The University of New Mexico has entered into an agreement with the U.S. Department of Justice to refine UNM’s policies regarding sexual harassment on campus, which includes sexual violence such as assault. The agreement follows an extensive review by the DOJ of the University’s policies and procedures, and reflects UNM’s obligation to provide clear, consistent procedures for reporting, investigating and responding to these types of complaints.
“We are pleased to have been able to work with the Department of Justice to reach this agreement so quickly,” said President Robert G. Frank. “It will benefit UNM to have our commitments going forward clearly stated to ensure that our campus maintains a caring and safe educational environment with fair processes for all.”
In the agreement, the DOJ acknowledges that UNM has already taken significant proactive steps to strengthen the prevention of and response to campus sexual harassment/violence including a number of actions taken even before reaching the agreement.
The nearly 20-page document outlines a number of steps that the University has agreed to perform in order to meet the compliance requirements listed by the DOJ, including:
- Mandatory intensive sexual harassment training of all students and staff and faculty identified as “responsible employees” in UNM policy;
- Continued review and revision of policies, procedures and materials on sexual harassment/violence to ensure consistency, clarity and timeliness in reporting, investigating and responding to complaints;
- Campus Climate surveys to ensure the University is serving the student population.
UNM has already trained at least 7,000 students on sexual harassment/violence during the past two years through New Student Orientation and other on campus programs. With more than 27,000 students enrolled on main campus, the agreement requires that the remaining 20,000 students also receive training through an in-person, peer-to-peer, interactive model. University staff are currently developing the infrastructure and materials needed to provide that scope of training. Starting in the 2017-18 academic year, this in-person training will be required for all new students, while all continuing students will receive annual online training.
Along with the student component, UNM will continue to require annual online training on sexual harassment by faculty and staff. The University will work with the DOJ to determine if additional training is needed for faculty and staff. UNM estimates it will cost approximately $1.5 million over the next three years to provide resources, infrastructure and staff to conduct the required training and climate surveys for the entire campus.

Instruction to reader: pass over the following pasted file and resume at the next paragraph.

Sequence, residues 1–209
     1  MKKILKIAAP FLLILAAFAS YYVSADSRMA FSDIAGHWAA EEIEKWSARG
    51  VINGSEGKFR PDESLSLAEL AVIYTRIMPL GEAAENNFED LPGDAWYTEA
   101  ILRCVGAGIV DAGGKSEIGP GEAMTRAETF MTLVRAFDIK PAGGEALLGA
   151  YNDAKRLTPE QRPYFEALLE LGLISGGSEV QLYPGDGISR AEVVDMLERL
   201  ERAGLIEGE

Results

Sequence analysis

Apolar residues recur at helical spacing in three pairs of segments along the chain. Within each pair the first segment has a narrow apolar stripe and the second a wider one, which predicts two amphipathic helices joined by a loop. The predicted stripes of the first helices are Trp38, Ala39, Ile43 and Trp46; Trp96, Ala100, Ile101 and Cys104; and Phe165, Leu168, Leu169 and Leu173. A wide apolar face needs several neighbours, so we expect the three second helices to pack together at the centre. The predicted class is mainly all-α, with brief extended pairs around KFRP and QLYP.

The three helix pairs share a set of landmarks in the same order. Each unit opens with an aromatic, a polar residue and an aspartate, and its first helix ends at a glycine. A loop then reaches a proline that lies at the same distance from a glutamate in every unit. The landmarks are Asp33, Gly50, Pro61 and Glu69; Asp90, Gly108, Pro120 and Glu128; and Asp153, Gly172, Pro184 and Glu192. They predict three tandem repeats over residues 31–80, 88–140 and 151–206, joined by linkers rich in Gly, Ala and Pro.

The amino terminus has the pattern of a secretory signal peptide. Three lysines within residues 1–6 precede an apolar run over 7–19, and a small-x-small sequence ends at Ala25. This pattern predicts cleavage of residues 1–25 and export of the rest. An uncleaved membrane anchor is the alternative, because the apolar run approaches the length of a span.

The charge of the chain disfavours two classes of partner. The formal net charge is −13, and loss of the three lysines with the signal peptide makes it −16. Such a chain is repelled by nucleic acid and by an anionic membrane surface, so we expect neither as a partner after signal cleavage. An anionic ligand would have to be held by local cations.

“It is an expensive endeavor to provide face-to-face and online training for the entire UNM population, especially during this time of severe budget constraints,” said Elizabeth Washburn, the University’s chief compliance officer. “However, we are committed to educating our entire campus community about sexual misconduct to ensure we achieve the goal we’ve been working toward all along– a safe campus and fair process for all.”
A major component of the DOJ agreement focuses on the review and revision of policies, procedures and practices. Prior to the review, UNM drafted a new comprehensive policy on sexual violence, which was issued as University Administrative Policies (UAP) 2740 on May, 15, 2015. Under the agreement, UNM will continue to work with the DOJ on refinements to this policy and others that pertain to sexual harassment/violence, as needed. The University’s Office of Equal Opportunity (OEO) also substantially revised UNM’s discrimination claims investigation procedure and related documents (http://oeo.unm.edu). Additional work to supplement that process and all of these procedures will be submitted to the DOJ for review.
UNM has already completed one extensive campus climate survey this past spring with more than 3000 respondents, and has agreed to conduct similar surveys using evidence-based methodology and validated questions for students in the spring semesters of 2017 and 2018.
The initial survey, done by the National Campus Climate Survey (NCCS), found a majority of students believe UNM is doing a good job of educating, preventing and responding to sexual misconduct and assault. Nearly 65 percent of students responded that they are aware of school policy regarding sexual misconduct, and about half of them said they know where to go to get help on campus.
“Surveys related to sexual misconduct are so important because they provide critical input and information from students,” said Heather Cowan, UNM Title IX coordinator. “We can create and implement many wonderful policies and procedures, but without survey results we won’t know what is working or how students are experiencing UNM.”
For more information that provides additional agreement details, view the DOJ - UNM Fact Sheet.
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